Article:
I try to read at least 100 books each year, but right now I’m a bit behind pace for 2010. Hoping to address that this summer, but I’ve already found plenty of noteworthy titles. Here are some standouts from what I’ve read thus far, books that merit your consideration as you pick your summer reading material.

1) Mr. Shivers, by Robert Jackson Bennett. Easily my favorite debut of the year. I’m a sucker for style, and the prose is so gorgeous that the book reads like a dark parable. A chilling and mythic tale set against the backdrop of the Depression, the novel closes out with a stunningly good epilogue. I simply cannot wait to see what this writer does next.

2) Burning Bright, by Ron Rash. I’m not finished with this short story collection yet, but I’m already confident it will be among my year’s favorite reads. Rash is one of our truly great American writers at this point.

3) The Narcissism Epidemic: Living in the Age of Entitlement, by Jean Twenge and W. Keith Campbell. This is a fascinating and disturbing study of our culture, one that should be read and carefully considered.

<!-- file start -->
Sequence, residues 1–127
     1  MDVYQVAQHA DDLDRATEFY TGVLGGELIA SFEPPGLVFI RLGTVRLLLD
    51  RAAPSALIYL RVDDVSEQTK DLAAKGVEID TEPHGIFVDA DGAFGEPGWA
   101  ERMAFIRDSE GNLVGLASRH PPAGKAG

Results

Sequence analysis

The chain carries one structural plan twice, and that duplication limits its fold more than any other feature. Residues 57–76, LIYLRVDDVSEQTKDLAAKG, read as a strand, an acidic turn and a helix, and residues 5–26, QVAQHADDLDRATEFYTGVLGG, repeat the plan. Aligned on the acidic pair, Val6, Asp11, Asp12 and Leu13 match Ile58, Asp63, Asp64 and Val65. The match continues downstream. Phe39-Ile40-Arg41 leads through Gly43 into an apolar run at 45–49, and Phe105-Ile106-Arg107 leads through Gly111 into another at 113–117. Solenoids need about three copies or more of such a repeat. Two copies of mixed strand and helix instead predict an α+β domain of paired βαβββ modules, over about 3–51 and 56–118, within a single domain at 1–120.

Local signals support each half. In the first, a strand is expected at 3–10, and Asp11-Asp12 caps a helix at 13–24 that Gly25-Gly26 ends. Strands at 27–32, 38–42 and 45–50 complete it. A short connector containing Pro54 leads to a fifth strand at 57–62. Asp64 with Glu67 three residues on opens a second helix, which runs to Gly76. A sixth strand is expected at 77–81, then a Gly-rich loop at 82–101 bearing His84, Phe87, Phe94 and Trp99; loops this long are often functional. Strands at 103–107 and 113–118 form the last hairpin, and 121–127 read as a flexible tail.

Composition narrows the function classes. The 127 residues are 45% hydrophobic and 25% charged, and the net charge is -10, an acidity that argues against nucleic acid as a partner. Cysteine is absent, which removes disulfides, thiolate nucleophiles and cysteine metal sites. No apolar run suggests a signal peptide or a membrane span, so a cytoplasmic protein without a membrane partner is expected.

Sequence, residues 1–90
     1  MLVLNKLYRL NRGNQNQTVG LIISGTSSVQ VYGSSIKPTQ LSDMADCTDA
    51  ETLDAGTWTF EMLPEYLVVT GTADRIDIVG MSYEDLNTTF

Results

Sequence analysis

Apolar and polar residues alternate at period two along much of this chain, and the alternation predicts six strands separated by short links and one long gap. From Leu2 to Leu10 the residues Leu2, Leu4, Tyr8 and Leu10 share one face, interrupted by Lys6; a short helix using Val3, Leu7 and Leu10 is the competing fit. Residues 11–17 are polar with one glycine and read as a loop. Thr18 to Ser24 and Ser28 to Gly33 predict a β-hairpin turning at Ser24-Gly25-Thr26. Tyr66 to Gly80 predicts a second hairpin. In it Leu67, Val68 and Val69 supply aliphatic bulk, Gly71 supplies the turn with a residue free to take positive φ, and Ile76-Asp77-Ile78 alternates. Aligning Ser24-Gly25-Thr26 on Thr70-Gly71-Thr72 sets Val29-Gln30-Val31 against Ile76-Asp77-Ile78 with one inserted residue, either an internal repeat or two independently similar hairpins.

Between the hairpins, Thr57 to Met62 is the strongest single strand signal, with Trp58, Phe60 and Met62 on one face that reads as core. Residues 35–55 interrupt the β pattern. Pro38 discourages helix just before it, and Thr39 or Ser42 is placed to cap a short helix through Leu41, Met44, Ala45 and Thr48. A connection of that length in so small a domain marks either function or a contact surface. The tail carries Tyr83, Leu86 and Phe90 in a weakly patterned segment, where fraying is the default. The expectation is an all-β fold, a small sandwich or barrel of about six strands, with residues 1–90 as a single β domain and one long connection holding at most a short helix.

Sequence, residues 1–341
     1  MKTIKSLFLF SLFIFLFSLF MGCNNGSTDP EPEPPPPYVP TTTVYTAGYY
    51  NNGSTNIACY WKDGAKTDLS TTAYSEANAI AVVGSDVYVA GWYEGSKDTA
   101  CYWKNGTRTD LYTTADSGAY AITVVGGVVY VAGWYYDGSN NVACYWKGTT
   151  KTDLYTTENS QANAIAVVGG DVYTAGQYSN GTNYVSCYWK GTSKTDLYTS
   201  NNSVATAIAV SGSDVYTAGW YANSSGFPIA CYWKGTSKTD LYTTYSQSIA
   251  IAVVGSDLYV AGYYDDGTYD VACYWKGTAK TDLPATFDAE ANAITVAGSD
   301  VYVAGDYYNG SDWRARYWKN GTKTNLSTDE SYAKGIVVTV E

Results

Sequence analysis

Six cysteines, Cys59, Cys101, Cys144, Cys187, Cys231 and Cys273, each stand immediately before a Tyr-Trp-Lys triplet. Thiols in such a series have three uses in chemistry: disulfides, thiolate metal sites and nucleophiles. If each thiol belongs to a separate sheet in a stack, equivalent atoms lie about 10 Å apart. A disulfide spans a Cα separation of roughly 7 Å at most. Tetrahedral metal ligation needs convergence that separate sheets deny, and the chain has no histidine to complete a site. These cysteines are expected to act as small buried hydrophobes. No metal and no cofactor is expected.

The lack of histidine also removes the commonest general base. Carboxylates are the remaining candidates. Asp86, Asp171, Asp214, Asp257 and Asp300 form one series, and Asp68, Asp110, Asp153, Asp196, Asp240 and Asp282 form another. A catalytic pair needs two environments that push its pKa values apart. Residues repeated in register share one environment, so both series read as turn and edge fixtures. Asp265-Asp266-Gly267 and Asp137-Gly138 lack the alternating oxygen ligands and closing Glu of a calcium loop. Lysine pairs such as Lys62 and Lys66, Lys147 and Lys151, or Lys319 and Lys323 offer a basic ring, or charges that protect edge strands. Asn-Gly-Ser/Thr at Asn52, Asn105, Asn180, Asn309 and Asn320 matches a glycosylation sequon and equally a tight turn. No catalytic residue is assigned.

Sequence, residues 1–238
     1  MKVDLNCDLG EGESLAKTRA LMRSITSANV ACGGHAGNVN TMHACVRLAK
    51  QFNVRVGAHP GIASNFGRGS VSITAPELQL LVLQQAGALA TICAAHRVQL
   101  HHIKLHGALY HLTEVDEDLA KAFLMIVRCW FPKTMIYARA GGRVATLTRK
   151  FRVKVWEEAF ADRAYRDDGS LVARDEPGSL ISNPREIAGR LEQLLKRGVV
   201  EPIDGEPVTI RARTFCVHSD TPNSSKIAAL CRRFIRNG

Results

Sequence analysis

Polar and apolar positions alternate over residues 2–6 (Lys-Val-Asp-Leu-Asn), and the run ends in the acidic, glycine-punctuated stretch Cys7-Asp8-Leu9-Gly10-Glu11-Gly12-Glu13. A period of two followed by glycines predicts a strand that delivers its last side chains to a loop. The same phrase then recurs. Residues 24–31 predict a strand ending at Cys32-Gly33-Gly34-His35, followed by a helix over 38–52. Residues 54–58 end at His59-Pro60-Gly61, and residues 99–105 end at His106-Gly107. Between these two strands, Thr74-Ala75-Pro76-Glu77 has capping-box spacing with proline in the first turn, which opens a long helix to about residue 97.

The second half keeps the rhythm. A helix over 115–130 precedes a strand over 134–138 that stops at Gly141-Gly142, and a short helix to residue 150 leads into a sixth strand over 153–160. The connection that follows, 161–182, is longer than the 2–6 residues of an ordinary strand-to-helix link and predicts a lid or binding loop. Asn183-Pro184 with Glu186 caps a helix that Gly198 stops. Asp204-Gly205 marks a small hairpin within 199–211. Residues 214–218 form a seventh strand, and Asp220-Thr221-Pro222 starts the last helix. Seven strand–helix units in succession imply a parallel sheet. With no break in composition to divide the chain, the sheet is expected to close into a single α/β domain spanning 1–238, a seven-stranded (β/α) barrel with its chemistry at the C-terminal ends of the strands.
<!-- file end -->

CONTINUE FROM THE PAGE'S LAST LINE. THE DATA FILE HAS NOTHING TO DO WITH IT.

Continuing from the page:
4) 212, by Alafair Burke. Another excellent thriller from a talented writer who is constantly improving.

5) Blockade Billy, by Stephen King. Stephen King writing a chilling novella about baseball? Seems like the definitive summer read to me.

6) Burnt Offerings, by Robert Marasco. Sadly out of print, I finally tracked this book down after hearing about it for years. A wonderful supernatural thriller about the perfect summer retreat that’s, well, maybe not so perfect.

7) Peace, by Richard Bausch. A gorgeous, tightly written WWII drama that unfolds in essentially one act, with stellar prose and character.

8) The Big Burn, by Timothy Egan. Egan wrote the stunningly good Dust Bowl account “The Worst Hard Time” and returns to form with this story of a forest fire that changed the nation.

9) Dogtown, by Elyssa East. This non-fiction account of a forgotten New England town, a brutal crime, and the region’s emotional hold over the writer was one of my most pleasant finds of the year so far, and captured a lot of the feelings that drove me to write So Cold the River.

10) The Greatest Thing Since Sliced Bread, by Don Robertson. Sure, I’m biased because it is set in Cleveland and I’ve heard my grandfather’s recollections of the terrible industrial fire that provide the backdrop for this coming-of-age story, but the narration style, locked into the voice of a young child and always providing moments of profound grace and power, was mesmerizing. The first book in a recently reissued trilogy.